Best Belstone Walks, Belstone, Dartmoor National Park

Best Belstone Walks, Belstone, Dartmoor National Park

Belstone

Belstone is one of the best places from which to walk in Dartmoor National Park. Located on the edge of Dartmoor's north moor, Belstone offers access to many of Dartmoor's most beautiful tors and hills. In addition, you can walk several stunning wooded valleys and explore some top prehistoric sites. Belstone is also a great place from which to walk after it's snowed. Last, there's a lovely pub in the heart of the village so it's great for pub walks.

We've arranged walks by theme and ease. The easiest walks are at the top of this listing. The more difficult walks appear as you scroll down.

 

The Tors Inn pub walks from Belstone

The Tors Inn is situated in the heart of Belstone. Its pub garden overlooks Belstone Great Green with the huge dome of Cosdon Hill to the south east. It's great for pub walks. Note that all the walks referred to below can start and end at The Tors Inn.

 

Belstone Great Green and Belstone Common walks

Belstone Great Green is the large grassy area on the south side of the village. It provides super views of Belstone Cleave which is a valley cut by the River Taw. Cosdon Hill dominates to the south east.

Start at the large car parking area at the edge of Belstone. Don't drive through as the roads are narrow and village busy. The car park at the edge of Belstone should be used by visitors. Wander through the village and you come to a fork in the road. Walk along the left fork and you pass The Tors Inn pub garden. Belstone Great Green is in front of you. The stunning Belstone Cleave is to your left running east. As mentioned, Cosdon Hill dominates to the south east.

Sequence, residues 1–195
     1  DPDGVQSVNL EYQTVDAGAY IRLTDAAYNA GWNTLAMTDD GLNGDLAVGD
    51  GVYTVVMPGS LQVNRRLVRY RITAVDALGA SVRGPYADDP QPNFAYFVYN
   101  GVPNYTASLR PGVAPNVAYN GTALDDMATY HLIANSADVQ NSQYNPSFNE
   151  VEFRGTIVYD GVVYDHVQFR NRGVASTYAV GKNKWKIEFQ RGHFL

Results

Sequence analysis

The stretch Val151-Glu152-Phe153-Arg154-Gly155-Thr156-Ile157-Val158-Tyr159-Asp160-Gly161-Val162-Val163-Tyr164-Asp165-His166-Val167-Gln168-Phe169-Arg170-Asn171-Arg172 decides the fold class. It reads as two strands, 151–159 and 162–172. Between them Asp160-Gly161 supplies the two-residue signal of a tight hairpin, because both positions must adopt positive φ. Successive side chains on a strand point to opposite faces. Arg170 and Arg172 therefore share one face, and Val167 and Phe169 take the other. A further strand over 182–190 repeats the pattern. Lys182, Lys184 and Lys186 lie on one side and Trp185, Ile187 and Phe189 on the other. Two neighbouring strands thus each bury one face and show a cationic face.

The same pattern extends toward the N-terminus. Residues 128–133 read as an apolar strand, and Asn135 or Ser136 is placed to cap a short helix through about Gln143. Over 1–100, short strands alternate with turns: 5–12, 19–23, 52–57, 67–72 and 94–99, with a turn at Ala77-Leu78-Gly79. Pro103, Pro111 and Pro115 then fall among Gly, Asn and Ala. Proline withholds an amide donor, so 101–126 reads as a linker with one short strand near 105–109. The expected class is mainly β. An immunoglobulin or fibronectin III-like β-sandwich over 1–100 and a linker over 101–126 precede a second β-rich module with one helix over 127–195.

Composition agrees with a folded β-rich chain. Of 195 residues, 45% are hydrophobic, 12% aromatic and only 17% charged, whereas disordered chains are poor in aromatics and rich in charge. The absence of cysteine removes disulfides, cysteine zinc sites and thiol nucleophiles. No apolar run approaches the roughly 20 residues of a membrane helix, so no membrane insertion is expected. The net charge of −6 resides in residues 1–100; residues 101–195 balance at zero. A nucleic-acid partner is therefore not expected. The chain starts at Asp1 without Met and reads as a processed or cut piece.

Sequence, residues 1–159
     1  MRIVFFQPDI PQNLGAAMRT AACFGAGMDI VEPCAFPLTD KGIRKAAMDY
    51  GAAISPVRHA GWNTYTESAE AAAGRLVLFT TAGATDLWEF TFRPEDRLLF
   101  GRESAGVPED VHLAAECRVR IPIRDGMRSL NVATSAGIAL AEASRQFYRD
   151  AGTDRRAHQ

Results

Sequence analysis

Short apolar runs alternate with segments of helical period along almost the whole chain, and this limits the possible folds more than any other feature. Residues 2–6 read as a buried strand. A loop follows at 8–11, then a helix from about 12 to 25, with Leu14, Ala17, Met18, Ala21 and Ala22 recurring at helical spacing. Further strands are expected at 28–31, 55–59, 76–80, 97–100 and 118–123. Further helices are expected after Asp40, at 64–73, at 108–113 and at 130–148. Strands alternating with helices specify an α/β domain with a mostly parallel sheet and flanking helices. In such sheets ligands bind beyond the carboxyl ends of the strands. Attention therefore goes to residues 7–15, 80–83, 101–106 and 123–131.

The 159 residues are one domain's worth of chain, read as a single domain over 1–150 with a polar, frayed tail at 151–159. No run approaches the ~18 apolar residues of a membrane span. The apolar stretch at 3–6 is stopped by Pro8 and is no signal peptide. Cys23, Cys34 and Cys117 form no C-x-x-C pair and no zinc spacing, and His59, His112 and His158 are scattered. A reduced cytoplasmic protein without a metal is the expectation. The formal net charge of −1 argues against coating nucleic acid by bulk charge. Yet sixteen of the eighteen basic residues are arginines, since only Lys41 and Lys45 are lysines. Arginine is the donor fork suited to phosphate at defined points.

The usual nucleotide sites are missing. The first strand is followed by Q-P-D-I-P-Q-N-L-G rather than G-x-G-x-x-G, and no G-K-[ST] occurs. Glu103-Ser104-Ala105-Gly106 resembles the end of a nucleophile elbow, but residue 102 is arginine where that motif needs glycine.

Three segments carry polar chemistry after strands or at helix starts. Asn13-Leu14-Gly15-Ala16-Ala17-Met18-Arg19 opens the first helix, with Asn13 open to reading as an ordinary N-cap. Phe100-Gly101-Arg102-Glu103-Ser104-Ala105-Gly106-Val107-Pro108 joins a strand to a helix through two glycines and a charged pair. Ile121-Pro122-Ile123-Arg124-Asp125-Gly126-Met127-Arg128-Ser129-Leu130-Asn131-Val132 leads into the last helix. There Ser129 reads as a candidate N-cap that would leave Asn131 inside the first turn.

Continue on the road at the top of Belstone Great Green. You pass more houses and then the road climbs and arcs to a gate. Beyond that is the edge of Belstone Common. Follow one of the paths to your right and head up to Watchet Hill. There are super views across to Dartmoor's highest ground at Yes Tor and High Willhays.

From Watchet Hill, trend east back towards Belstone. You pass through a gate and walk along a road that drops down into Belstone. The Tors Inn is to your right. Continue through the village back to the car park from which you started.

 

Taw Plain walks from Belstone

Walk south from Belstone and you come to a vast natural ampitheatre of moorland, river and rock. This is Taw Plain. It's a super place for slightly longer walks than Belstone Great Green and Belstone Common.

Start at the large car parking area at the edge of Belstone. Don't drive through as the roads are narrow and village busy. The car park at the edge of Belstone should be used by visitors. Wander through the village and you come to a fork in the road. Walk along the left fork and you pass The Tors Inn pub garden. Belstone Great Green is in front of you. The stunning Belstone Cleave is to your left running east. As mentioned, Cosdon Hill dominates to the south east. Continue on the road at the top of Belstone Great Green. You pass more houses and then the road climbs and arcs to a gate. Beyond that is the edge of Belstone Common.